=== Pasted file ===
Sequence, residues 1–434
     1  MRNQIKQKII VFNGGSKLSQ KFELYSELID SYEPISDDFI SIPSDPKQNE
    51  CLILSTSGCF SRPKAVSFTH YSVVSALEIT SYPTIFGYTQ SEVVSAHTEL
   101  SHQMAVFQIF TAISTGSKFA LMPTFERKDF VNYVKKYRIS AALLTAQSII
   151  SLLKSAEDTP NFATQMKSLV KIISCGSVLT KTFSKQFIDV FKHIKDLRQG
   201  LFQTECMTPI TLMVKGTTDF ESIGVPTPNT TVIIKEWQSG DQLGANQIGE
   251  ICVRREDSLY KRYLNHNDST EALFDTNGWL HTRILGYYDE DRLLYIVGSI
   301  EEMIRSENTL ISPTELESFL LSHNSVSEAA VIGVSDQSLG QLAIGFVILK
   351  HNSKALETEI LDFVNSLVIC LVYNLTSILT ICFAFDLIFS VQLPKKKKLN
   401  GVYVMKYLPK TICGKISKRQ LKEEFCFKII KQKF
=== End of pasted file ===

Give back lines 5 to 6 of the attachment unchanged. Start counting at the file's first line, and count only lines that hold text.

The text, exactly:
   151  SLLKSAEDTP NFATQMKSLV KIISCGSVLT KTFSKQFIDV FKHIKDLRQG
   201  LFQTECMTPI TLMVKGTTDF ESIGVPTPNT TVIIKEWQSG DQLGANQIGE